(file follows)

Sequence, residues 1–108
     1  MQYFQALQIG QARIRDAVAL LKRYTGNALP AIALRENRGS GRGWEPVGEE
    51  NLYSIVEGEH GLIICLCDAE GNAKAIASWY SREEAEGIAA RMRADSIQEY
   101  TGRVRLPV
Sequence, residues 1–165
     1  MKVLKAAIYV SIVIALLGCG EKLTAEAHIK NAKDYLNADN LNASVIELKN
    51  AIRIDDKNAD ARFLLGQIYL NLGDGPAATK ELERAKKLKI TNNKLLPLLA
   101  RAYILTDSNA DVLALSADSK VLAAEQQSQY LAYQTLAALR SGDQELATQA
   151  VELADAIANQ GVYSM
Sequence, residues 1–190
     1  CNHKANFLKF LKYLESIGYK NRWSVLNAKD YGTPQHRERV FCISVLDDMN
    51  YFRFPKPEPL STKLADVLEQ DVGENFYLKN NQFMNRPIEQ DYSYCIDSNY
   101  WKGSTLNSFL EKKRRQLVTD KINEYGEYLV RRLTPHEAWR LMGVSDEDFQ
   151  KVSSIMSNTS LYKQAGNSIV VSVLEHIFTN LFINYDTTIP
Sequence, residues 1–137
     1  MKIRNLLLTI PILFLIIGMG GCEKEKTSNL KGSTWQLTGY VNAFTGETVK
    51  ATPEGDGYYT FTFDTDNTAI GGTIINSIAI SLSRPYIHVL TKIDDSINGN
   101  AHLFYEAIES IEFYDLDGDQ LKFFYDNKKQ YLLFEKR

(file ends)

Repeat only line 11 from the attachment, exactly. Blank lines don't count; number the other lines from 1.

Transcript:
     1  CNHKANFLKF LKYLESIGYK NRWSVLNAKD YGTPQHRERV FCISVLDDMN